Being active is important to me because being healthy is important to me.
A walk in the afternoon, karate once a week, yoga when I'm feeling motivated (strictly lounge room yoga). Just recently, about three times a week I have started going for a run before I settle in to my studio to paint.
As a child I could run and run and run and run. As an adult, with a post child-bearing soon to be 30-something body, I can run in an emergency. I can run 50 metres flat out if pushed. I can run to stop a child walking out in front of a speeding car. But running for myself? For my health, fitness and enjoyment?
Hmm. Radical idea. (crazy)
Running is on my list, though.
That list of things I'd like to do and just don't. Along with selling paintings and having a website. If I can do those scary things - and I am doing them - then surely I can run a little bit?
The aim is to be able to run one kilometre non-stop. Not flat out, not a sprint. Just at a nice steady pace.
The first time I went out, cockily remembering running when I was 10 years old, I was astounded that I was ready to collapse on the side of the road after 75 metres and let the crows feed from my dying carcass. Down heartened, the rest of the circuit was an exercise in frantic deep breathing. It was obvious I needed some help. I needed a personal trainer.
I could have hired a professional, but lets face it - I don't want pay to go running with some super-fit "motivator" who was the guard at a prison camp in their last life.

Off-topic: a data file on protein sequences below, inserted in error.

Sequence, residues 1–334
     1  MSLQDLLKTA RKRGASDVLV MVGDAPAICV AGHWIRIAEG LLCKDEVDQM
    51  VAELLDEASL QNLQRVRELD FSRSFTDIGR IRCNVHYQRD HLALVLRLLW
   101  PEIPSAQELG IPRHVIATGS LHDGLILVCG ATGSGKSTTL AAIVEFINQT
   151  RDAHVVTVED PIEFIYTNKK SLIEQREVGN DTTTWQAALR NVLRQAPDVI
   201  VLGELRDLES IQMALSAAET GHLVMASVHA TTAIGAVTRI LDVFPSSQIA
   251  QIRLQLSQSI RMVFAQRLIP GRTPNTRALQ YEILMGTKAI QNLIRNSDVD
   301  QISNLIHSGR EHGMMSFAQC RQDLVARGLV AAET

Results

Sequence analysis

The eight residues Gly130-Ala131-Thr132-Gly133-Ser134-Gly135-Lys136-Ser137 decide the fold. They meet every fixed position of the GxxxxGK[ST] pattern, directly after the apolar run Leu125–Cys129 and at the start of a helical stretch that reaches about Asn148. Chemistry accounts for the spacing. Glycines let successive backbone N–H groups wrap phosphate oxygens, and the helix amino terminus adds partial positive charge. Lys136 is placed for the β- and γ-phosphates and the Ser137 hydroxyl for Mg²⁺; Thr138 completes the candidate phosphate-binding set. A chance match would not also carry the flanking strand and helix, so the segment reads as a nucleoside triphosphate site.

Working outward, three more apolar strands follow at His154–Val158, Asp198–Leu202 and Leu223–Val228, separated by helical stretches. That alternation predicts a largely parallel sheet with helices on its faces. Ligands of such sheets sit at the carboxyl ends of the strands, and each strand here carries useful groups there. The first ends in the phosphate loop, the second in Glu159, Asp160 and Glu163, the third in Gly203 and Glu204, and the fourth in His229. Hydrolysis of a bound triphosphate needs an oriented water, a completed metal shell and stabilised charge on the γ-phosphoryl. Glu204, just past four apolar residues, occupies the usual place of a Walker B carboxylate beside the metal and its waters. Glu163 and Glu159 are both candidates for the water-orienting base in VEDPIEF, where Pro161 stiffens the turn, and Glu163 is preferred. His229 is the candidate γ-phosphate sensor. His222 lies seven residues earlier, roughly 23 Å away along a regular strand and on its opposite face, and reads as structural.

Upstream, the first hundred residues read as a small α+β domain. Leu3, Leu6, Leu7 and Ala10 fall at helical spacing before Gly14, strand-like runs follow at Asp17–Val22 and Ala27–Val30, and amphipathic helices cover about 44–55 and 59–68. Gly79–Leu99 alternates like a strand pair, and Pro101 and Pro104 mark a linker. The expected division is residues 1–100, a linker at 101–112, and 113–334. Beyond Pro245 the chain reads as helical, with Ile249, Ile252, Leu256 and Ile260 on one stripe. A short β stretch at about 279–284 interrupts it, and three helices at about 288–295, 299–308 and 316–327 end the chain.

And so I looked closer to home.
Unfortunately my dogs are not really runners. One is too old, and one is too BIG - so big that when he runs his technique is that of a hurdler with a pair of flippers on. I could have given up, but luckily I am a firm believer that for every problem there is a solution.
Affectionately known in the family as the "Polony", one of the Mower Men and the cutest tiny horse ever (in fact Fidget is a miniature horse), Fidget is the perfect answer. He runs very well - better than me, actually.
He loves to run. It is an important part of his day. A day with out a gallop round the paddock is a day wasted, in Fidget's humble opinion. And he is a brilliant motivator.
Put together a very small pony who's head is level with my buttocks and a keen desire to keep the herd moving and you have a personal trainer who doesn't talk too much, doesn't judge my body (it's so vastly inadequate for running compared to his that why on earth would he bother?) and gives me a well aimed nip on the backside when ever the motivation to move starts to leave me, and he works for carrots. . . What more could one ask for in a PT?